It’s not a surprise to me to see that someone (the AER in this case) has released an Issues Paper canvassing options for changing the way Semi-Scheduled generators interact with the dispatch process. Not a surprise, as our prior analysis suggests the current approach is not sustainable or scalable.
A brief note about the (also short) notice from the AER relating to two rule change proposals which it has been asked to propose by the COAG Energy Council
On Thursday 21st May, Marcelle Gannon and Jonathon Dyson jointly shared a large number of insights and tips to help those interested in developing and/or operating Large Solar Farms in the NEM maximise the value they receive. Useful also for those interested in Wind Farms (i.e. any Semi-Scheduled plant), and also hybrid operations using Batteries.
This is the 3rd of 4 Case Studies to follow on from the main article (summarising results across 105,120 dispatch intervals through 2019 for ‘all Coal’ and ‘all Wind’ groupings). In this case, let’s look at the ‘worst’ case, in aggregate, where wind units under-performed compared to dispatch targets.
Following on from the article posted on the day, here’s a focused look at what can be seen in (‘next day’ public) data for Yarranlea Solar Farm on Friday 1st May 2020 – a day that saw negative prices through many half-hour trading periods in Queensland, and Large Solar farms cycling as a result.
Recent invitations (from COAG Energy Council and AEMO) prompt some further analysis of the data set assembled for the GSD2019 in order to understand more about one of the challenges in balancing Supply and Demand in the NEM 2.0 world.
In what seems (to me) to be an extraordinary measure, AEMO speaks directly to the operators of Wind and Solar assets in the NEM, asking them to update the AEMO on the high-temperature limitations of their plant. How did it come to this?…
Third case study in a growing series – on this occasion looking at the (extreme – and possibly excessive?) lengths taken by Tailem Bend Solar Farm to avoid being dispatched at times of negative spot prices in South Australia. This analysis is specifically focused on Wednesday 6th November 2019.
Our second Case Study in a recent series, aimed to help us explore ways to continue the pushing the development of ez2view forward, but also shared with readers here on WattClarity. This time about Daydream Solar Farm on Tuesday 3rd September 2019.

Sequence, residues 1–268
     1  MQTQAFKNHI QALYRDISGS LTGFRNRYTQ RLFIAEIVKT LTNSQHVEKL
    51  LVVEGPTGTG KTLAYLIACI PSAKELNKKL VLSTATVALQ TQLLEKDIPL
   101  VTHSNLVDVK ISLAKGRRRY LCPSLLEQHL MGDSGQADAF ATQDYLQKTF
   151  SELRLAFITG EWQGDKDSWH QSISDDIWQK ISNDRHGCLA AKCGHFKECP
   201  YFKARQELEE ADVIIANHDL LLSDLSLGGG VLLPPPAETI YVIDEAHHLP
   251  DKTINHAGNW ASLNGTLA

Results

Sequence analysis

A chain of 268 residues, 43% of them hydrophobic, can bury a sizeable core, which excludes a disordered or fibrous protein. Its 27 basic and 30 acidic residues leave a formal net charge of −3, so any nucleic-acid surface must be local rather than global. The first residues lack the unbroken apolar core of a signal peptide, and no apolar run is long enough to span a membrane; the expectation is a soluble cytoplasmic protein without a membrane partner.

Thursday 10th October 2019 presented another day of many negative price events in the QLD region. In this Case Study (prepared for dual purposes) we look at how one particular solar farm operated through this period – Ross River Solar Farm.
Taking a brief (well, actually longer than intended) look into the various factors that delivered a price spike above $10,000/MWh on Thursday 31st January in NSW – and thinking through the implications for one particular Demand Response client, and for the broader market.
As part of the process of compilation of our Generator Report Card 2018, we’re delving into quite some detail into various aspects of generator bidding and re-bidding. Today I thought it might be useful to share some *very early and preliminary* observations that we’re starting to see when trending and categorising rebids.
Through our consulting business, Greenview Strategic Consulting, we have had the pleasure of working with a variety of new entrants and NEM-veteran organisations alike in the generation sector of the…
A detailed look at two specific trading periods in the day (Tuesday 24th July 2018) that saw negative dispatch prices occur at the start of trading periods – hence provided a case study for how existing Semi-Scheduled plant respond (especially in combination with transmission constraints and the Semi-Dispatch Cap).
It was inevitable that Semi-Scheduled plant would start to experience times when they are dispatched down. It’s a big prompt to take next steps up the learning curve.